Eating on a budget

Tips and Tricks for Eating on a Budget

Diabetes In Control, a weekly diabetes newsletter, recently reported that food insecurity was shown to be associated with poor diabetes control. In March of this year, posted an article reviewing various government and non-government programs that offer free or reduced cost health care as well as food and prescription coverage to assist with some of these insecurities. While these programs can offer relief and assistance to those who qualify, there are many other ways to save and stretch your dollar when it comes to grocery shopping. There is a common misconception that eating healthy will cost more, however, by reading the following list of tips and tricks, you will learn how you can save money at the grocery store while keeping your kitchen stocked with nutrient dense, healthy foods.

  1. Buy store brand. According to industry experts you will save on average 25 percent.
  1. Shop at budget friendly stores such a Wal-Mart and Trader Joe’s
  1. Make a monthly grocery budget. Track the last several months of grocery expenses to see what you typically spend on groceries.
  1. Make a shopping list before going to the grocery store. Having a shopping list will help limit impulse purchases.
  1. Make a menu and purchase only what you need to make meals on the menu.
  1. Buy in bulk. Foods worth buying in bulk include: dried beans, dried fruit, dry whole wheat pasta, frozen fruits and vegetables, and canned items such as salmon and tuna.
  1. Buy produce that is in season. The following website provides information on as to what is in season, and when it is in season:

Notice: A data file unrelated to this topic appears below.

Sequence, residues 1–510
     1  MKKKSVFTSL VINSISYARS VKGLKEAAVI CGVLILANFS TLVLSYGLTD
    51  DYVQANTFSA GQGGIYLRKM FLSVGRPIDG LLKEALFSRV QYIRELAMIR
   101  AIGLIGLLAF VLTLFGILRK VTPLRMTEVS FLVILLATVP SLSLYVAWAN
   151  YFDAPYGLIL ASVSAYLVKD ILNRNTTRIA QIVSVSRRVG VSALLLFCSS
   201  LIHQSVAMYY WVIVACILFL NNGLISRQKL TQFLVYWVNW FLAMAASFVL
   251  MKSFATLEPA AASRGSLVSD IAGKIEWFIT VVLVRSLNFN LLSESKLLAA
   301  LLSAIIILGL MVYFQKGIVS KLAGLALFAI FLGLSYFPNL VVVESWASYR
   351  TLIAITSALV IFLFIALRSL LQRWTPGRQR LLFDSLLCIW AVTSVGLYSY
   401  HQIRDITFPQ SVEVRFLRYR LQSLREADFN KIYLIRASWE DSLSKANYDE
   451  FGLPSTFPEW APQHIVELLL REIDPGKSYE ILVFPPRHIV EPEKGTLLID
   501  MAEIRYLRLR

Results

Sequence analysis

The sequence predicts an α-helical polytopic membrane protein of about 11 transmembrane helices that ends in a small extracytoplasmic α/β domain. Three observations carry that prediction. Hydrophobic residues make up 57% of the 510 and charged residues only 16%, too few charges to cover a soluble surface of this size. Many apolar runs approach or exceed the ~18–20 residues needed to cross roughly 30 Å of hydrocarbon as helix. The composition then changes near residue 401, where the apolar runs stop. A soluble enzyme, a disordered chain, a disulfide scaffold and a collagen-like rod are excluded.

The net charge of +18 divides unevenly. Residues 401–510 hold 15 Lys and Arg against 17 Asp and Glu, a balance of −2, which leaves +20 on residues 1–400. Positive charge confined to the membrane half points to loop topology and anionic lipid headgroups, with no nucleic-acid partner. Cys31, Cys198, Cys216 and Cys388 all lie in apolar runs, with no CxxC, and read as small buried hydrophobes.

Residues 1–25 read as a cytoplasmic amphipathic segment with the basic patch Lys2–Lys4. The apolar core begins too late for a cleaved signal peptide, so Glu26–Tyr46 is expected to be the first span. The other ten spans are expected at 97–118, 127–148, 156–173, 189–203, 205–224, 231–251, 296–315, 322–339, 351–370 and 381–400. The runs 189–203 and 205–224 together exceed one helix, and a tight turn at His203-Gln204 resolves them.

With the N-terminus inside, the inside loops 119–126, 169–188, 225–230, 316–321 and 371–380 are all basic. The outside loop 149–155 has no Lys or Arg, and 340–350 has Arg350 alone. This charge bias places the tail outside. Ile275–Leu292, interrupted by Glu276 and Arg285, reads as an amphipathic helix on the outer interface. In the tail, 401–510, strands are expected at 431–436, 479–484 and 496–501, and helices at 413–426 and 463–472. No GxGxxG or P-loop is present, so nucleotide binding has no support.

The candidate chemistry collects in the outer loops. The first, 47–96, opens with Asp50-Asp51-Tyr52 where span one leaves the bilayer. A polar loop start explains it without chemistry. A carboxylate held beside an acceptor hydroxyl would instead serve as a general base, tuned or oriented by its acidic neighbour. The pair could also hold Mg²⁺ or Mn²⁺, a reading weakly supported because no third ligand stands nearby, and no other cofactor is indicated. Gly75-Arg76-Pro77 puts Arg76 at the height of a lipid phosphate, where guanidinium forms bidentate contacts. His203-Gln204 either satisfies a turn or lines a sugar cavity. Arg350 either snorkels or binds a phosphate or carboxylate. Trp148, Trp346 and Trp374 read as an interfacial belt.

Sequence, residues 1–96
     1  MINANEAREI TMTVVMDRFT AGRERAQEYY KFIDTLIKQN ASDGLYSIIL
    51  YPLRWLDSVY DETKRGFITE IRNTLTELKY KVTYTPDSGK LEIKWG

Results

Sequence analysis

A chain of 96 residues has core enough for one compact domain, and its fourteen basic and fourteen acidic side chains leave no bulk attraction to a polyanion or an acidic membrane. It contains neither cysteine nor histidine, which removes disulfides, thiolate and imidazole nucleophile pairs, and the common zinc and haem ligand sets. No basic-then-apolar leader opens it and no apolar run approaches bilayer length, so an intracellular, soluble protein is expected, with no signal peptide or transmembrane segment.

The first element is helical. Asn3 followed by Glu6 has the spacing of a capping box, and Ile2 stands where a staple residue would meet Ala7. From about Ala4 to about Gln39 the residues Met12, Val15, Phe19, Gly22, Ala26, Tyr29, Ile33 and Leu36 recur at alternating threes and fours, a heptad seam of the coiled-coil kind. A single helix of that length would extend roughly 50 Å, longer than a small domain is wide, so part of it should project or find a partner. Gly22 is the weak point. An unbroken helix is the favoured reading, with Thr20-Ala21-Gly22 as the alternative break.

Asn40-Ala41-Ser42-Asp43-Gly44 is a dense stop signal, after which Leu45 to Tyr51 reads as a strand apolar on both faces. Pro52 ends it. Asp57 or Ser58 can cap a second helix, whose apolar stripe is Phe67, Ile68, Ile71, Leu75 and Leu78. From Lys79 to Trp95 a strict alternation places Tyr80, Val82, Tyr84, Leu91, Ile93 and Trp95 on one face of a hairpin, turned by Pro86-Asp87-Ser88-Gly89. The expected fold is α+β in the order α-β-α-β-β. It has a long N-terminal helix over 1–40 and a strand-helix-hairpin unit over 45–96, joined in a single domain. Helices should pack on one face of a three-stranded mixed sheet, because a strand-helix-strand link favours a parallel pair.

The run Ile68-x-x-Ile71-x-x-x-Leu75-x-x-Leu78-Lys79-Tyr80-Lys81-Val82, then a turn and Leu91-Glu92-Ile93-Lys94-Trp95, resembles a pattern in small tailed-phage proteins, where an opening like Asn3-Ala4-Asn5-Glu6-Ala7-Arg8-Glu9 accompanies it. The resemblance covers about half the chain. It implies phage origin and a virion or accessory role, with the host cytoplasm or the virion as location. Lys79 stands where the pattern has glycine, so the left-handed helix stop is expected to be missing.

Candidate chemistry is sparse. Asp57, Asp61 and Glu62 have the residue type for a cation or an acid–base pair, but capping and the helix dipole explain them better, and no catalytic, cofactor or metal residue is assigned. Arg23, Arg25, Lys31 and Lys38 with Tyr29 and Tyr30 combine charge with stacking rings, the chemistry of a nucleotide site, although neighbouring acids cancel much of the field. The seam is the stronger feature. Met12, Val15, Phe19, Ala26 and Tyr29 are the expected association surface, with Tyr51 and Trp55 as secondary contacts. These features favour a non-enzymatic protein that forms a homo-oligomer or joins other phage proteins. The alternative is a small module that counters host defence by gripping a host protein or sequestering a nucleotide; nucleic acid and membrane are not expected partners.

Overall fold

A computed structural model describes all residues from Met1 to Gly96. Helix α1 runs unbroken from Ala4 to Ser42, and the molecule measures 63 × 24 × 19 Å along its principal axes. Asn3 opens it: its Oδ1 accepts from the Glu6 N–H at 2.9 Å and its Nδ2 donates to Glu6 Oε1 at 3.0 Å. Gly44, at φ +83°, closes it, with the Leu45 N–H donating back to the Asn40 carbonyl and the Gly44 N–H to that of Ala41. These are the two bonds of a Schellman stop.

1. Shop at your local farmers market.
  1. Skip convenience foods (100-calorie packs, bagged lettuce, individual frozen meals).
  1. Make your own 100-calorie packs. Portion out 100 calories of nuts, dried fruit or whole grain cereal into snack bags.
  1. Take advantage of store reward cards.
  1. Buy frozen produce instead of fresh.
  1. Avoid grocery shopping on an empty stomach. You are more likely to purchase more when feeling hungry.
  1. Scan weekly adds for store deals and coupons.
  1. Eat a vegetarian meal once a week. Substitute inexpensive vegetarian protein sources such as beans, eggs, tofu, and legumes for more expensive meat, fish, or poultry.
  1. Buy cheese from the dairy case instead of the meat counter.
  1. Try growing your own garden. Lettuce, bell peppers and tomatoes are typically more cost-effective vegetables to grow.
  1. Eat leftovers. Foods such as vegetarian chili and lasagna made with whole-wheat pasta make great, healthy leftovers.
  1. Avoid purchasing bottled water.
  1. Watch the cash register while your items are being rung up to ensure no errors are made.
  1. Choose foods on the top or bottom shelves. More expensive food items are typically placed at eye level.
  1. When possible go grocery shopping alone. Shopping alone will help you stay focused and avoid unnecessary purchases.
  1. Consider buying some foods at the dollar store such as spices and canned goods (beans, tuna).
  1. Stock up when items you regularly buy go on sale.
  1. To limit waste, follow the FIFO (First in First out) rule. Organize foods in your refrigerator and pantry so that foods purchased most recently are in the back while foods closer to their expiration date are in the front.

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